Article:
On Earth Day two weeks ago, 171 countries officially signed the Paris Agreement on climate change. In doing so, they agreed to the long term goal of ending humanity’s damage to the climate—that is, reducing our emissions of global warming pollution to zero—in the second half of this century. One encouraging part of the ongoing scientific discussion about how to achieve this ambitious goal, is that we’re finally starting to take seriously the impact of what people eat. Three recent studies show that it makes a big difference, to the climate as well as to our health.
May 4, 2016 11:40 AM EDT
April 14, 2016 11:00 AM EDT
UCS has just created a new set of web pages summarizing the latest scientific information on the drivers of tropical deforestation. Even though we published a 120-page book about this issue, The Root of the Problem, just five years ago, there is so much new information that what we wrote then is rapidly becoming out of date. And some of these new studies have changed scientists’ minds about the problem in important ways. Read more >
November 30, 2015 9:36 AM EDT
Shortly before I arrived here in Paris for the climate negotiations, Brazil’s National Institute for Space Research released the annual figure on Amazon deforestation for 2014–2015. This number comes out each year about this time, and is eagerly awaited as a sign of whether the dramatic progress that Brazil made over the past decade in reducing deforestation by three-fourths, is continuing.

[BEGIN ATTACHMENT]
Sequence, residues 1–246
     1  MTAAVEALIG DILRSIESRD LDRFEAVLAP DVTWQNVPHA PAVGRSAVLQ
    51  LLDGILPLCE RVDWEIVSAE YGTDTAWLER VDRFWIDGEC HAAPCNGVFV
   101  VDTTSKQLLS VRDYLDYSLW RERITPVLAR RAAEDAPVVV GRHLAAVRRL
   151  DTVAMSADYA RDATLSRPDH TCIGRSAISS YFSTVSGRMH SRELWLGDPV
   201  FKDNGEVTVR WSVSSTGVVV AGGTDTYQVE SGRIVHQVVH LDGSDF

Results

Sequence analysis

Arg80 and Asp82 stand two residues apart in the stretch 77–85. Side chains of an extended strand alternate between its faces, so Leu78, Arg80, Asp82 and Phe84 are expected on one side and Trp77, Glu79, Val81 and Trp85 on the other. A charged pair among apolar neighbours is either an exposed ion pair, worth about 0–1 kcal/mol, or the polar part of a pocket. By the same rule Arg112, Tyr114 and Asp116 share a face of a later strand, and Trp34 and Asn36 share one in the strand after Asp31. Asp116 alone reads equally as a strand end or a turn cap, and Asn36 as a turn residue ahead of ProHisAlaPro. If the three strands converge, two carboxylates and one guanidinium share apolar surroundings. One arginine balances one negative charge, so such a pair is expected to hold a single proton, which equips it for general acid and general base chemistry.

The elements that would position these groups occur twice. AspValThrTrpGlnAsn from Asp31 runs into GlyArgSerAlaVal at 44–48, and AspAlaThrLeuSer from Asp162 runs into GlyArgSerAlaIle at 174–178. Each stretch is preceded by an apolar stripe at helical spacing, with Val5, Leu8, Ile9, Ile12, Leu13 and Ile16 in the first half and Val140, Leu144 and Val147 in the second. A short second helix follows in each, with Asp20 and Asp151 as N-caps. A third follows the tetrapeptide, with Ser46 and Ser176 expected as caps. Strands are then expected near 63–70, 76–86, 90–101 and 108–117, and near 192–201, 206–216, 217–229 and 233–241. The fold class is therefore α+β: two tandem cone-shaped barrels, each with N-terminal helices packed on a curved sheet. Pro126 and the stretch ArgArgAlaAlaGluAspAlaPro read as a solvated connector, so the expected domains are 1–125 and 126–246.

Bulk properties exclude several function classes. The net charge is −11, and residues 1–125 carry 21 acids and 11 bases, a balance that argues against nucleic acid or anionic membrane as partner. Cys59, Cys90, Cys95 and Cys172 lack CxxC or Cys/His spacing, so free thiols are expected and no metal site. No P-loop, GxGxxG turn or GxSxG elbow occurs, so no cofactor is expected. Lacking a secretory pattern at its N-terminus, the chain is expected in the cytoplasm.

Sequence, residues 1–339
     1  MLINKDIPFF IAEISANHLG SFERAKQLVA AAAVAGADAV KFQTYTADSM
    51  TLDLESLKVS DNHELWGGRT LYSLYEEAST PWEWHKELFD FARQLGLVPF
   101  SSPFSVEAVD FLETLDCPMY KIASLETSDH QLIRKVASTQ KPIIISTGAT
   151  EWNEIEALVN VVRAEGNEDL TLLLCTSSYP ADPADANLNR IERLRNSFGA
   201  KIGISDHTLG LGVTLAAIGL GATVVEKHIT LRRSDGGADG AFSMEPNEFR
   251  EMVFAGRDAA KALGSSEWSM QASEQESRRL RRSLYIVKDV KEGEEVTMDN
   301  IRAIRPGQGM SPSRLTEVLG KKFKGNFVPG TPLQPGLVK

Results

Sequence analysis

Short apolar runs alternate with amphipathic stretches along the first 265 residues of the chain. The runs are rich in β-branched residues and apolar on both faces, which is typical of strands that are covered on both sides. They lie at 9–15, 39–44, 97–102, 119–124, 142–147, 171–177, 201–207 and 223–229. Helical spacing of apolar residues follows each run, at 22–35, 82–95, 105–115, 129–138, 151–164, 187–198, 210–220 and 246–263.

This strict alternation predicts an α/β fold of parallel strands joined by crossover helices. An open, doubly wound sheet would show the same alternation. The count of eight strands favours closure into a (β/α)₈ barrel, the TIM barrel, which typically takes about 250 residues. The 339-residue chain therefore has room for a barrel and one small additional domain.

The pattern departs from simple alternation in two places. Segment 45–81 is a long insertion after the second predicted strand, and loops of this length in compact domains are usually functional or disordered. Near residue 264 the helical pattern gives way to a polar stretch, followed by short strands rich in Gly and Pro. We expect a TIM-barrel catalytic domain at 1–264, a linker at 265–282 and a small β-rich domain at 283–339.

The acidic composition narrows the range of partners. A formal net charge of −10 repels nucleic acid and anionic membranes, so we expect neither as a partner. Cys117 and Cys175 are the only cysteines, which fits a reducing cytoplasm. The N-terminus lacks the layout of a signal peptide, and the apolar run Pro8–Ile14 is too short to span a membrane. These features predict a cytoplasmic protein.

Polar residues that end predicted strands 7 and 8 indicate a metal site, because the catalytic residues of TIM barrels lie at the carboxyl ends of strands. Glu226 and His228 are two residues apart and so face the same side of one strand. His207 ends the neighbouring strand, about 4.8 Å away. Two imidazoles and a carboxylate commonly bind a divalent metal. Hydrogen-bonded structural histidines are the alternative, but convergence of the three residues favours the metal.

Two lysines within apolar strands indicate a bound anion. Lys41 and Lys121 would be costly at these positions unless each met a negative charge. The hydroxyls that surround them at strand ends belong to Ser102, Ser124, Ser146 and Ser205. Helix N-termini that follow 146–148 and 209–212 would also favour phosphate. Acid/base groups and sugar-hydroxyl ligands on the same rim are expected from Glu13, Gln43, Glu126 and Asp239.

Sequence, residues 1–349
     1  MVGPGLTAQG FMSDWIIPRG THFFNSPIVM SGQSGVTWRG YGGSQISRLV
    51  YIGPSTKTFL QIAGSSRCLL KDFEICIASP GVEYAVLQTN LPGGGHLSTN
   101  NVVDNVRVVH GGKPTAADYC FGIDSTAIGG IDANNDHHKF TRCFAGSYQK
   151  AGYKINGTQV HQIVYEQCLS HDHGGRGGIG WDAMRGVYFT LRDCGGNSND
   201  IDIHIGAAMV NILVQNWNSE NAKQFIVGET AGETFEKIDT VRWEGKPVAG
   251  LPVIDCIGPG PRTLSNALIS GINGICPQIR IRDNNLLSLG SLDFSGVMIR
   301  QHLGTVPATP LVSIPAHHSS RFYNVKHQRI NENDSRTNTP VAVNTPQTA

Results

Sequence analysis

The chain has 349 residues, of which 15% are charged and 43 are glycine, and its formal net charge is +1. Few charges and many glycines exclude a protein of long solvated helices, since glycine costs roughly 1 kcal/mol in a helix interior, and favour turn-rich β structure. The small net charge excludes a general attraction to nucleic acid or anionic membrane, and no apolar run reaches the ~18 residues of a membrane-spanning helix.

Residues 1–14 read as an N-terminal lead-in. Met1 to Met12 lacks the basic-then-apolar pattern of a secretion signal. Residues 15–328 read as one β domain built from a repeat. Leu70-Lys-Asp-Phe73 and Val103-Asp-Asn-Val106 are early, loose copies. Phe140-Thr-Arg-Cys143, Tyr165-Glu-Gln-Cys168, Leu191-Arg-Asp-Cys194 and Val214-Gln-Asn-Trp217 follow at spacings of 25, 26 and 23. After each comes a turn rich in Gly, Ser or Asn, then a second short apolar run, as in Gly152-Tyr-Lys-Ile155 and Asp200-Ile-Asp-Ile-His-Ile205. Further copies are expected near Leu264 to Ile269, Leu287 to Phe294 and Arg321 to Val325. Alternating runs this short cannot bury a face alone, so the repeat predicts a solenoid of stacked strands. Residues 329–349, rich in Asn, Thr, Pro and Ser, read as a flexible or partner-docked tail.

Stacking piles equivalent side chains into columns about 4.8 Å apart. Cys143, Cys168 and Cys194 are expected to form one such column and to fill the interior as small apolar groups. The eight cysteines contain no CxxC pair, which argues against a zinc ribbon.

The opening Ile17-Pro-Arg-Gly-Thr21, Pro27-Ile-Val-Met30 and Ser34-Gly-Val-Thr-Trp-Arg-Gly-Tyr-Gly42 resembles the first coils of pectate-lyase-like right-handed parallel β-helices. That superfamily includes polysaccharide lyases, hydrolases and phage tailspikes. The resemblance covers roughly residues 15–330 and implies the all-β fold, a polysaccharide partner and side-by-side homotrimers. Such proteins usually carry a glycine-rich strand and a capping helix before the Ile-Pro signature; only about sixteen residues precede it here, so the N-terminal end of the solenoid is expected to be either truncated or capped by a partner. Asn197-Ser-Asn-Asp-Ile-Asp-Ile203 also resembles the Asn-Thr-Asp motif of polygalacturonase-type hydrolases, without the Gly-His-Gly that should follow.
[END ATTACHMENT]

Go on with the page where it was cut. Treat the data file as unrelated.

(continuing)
November 10, 2015 3:03 PM EDT
In recent days, with massive fires in Southeast Asia again creating the dangerous haze that endangers the health and lives of millions, we’ve seen the recurrence of the claim that fires and deforestation are caused by small farmers, not big companies and their plantations. Read more >
September 24, 2015 4:42 PM EDT
Since starting our work on palm oil, UCS has taken a position that a company’s zero deforestation commitment needs to cover all of its operations, not just the products it sells or manufactures in the US. US consumers holding a company accountable for its global operations is not a new concept. The successful boycott of Nestlé in the US and Europe, which started in the late 1970’s, was the result of practices by that company in the developing world. Consumers not only want to buy products that don’t harm the planet but also want to buy products from companies they trust. Read more >